The program of concerts of the XII international Winter arts festival in Sochi

“Parallel Worlds. Russian Art in the 20th Century. Part 2”

The Festival Premiere. In collaboration with the Russian Museum
February 21, 2019
Beginning at 19:00
Winter Theater
Description of the concert

Art (1935 – 1973)
Reproductions of paintings by K. Petrov-Vodkin, K. Yuon, A. Plastov, A. Gerasimov, A. Deyneka, P. Konchalovsky, A. Samokhvalov, A. Volkov, P. Sokolov-Skalia, Yu. Pimenov, S. Chuykov, A. Lutfullin, Tkachev brothers, O. Bogaevskaya, E. Belyutin, V. Korzhev and other Soviet artists from the collection of the Russian Museum in St. Petersburg.

Poetry (1940 – 1960)
Poems of A. Tvardovsky, B. Pasternak, K. Simonov and other Soviet poets of 1940-1950s are performed by Anna Kovalchuk.

The Great Patriotic War left a deep trace in the “academic” art of our country. Harsh sketches of burnt towns and villages; days of war and portraits of simple soldiers who paid dearly for this victory; monumental pictures of dramatic battles… For a long time, the military theme retained the power over Soviet artists, forcing them again and again to return to the fatal 40s…

Peaceful labor, restoration and creation, spring breath of a new life – these themes dominated in the canvases of Soviet artists since the late 1940s. Despite the rigid doctrine of “socialist realism”, the paintings are more and more filled with human warmth. Perhaps the most popular among painters is the “theme of childhood” – small joyful children look at us from the paintings, and their life will never be burnt.

The beginning of the “Thaw period” (Ottepel) gives bright seedlings in painting – a group of artists develops the principles of the “austere style”. Using sharp lines and color contrasts, the artists reproduce generalized portraits of their contemporaries. Workers, sailors, builders, geologists look at us from the paintings; they are courageous and strong, since they faced the most difficult challenges in the history of our country.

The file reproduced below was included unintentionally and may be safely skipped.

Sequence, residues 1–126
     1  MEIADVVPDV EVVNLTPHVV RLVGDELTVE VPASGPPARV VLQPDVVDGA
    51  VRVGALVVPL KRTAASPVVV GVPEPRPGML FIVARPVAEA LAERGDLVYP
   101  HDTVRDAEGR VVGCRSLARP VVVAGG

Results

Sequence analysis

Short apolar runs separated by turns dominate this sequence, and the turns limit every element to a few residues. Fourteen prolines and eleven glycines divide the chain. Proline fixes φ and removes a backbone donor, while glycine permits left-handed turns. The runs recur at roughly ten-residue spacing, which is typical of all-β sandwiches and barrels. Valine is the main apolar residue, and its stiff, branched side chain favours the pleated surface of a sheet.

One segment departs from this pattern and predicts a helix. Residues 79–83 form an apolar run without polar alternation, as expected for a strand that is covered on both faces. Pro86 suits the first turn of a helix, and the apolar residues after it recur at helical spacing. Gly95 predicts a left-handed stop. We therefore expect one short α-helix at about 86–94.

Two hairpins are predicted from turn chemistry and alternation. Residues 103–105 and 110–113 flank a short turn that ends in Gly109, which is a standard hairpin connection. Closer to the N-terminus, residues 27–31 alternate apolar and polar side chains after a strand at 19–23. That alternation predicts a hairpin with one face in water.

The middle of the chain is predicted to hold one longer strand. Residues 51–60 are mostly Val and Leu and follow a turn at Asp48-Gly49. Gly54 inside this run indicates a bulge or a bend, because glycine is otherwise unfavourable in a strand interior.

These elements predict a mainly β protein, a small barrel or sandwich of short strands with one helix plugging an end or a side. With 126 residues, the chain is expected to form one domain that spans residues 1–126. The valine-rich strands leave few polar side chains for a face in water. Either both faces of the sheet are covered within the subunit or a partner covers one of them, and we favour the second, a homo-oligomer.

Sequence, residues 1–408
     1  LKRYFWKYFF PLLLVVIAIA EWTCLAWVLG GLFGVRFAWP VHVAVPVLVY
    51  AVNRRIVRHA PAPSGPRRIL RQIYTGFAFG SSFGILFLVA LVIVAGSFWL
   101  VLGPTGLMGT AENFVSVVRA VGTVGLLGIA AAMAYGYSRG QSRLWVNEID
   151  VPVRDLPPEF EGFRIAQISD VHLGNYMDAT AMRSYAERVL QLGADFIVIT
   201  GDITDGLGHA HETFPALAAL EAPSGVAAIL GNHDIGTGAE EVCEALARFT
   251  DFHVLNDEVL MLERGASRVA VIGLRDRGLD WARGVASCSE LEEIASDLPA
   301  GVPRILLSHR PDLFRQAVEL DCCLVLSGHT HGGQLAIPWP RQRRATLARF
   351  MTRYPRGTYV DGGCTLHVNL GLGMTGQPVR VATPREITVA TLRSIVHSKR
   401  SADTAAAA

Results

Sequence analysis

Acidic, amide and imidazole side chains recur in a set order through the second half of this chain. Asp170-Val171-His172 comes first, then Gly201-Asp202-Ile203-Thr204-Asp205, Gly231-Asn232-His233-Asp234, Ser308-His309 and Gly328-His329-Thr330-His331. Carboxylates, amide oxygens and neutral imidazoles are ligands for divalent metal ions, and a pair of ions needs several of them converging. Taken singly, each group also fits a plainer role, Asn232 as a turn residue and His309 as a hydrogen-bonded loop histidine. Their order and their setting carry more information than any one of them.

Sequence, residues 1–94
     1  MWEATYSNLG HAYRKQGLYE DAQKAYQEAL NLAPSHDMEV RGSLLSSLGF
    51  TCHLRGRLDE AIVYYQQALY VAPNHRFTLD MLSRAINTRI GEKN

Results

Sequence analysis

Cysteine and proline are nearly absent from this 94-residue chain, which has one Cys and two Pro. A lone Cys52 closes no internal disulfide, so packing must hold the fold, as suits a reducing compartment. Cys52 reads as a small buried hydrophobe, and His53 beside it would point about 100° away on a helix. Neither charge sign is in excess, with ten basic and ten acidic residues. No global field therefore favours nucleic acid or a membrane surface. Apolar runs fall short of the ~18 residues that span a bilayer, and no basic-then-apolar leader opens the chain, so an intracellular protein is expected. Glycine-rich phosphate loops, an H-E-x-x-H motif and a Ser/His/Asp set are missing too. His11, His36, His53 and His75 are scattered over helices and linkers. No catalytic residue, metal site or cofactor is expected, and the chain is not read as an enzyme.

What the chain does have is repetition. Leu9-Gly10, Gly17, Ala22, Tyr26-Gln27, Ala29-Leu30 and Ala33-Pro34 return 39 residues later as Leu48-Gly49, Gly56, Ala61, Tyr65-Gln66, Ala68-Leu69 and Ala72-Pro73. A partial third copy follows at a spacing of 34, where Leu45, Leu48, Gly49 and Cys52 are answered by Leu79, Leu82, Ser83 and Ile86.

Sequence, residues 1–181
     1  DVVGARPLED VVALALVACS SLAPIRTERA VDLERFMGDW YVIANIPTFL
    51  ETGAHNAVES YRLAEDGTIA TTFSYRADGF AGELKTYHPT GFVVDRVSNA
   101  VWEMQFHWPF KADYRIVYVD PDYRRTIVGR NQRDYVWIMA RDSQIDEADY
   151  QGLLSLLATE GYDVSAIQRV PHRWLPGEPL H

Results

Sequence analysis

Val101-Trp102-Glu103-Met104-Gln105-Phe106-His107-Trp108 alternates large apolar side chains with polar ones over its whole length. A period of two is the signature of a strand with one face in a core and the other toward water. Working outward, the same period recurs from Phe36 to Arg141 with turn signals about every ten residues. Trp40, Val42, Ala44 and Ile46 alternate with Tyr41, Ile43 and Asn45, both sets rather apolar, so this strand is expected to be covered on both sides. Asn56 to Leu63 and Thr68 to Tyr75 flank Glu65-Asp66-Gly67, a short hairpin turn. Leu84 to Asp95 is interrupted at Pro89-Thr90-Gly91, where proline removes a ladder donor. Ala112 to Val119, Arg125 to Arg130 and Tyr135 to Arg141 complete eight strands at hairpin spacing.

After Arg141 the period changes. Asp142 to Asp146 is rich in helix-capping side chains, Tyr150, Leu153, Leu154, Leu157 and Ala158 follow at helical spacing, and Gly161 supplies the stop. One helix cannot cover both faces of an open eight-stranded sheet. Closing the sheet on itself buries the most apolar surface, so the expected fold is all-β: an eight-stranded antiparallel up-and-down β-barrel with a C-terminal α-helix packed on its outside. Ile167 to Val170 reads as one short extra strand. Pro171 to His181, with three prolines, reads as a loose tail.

The Apotheosis of War – that could be a description of Symphony No. 8 by Dmitry Shostakovich, completed in 1943. Subsequent to famous Symphony No. 7 (Leningradskaya), Symphony No. 8 was unexpectedly challenging and was criticized by authorities for its pessimism.
Shostakovich wrote that the symphony is “about the man who is deafened by the hammer of war… his path is not filled with roses and he is not accompanied by drummers…” The war as an absolute evil which should not exist in the world – that is the meaning of the second part of the Symphony, fast grotesque march with loud, noisy orchestra performance.

The same year, Gavriil Popov wrote his “Rodina” (Motherland) Symphony. The composer was one of the brightest representatives of the Soviet avant-garde of 1920s, and wrote the music to the legendary film “Chapaev”. The “Rodina” symphony, filled with civic enthusiasm, was worthily granted Stalin’s award of the first grade. “It is a wonderful composition which needs high appreciation”, wrote Shostakovich.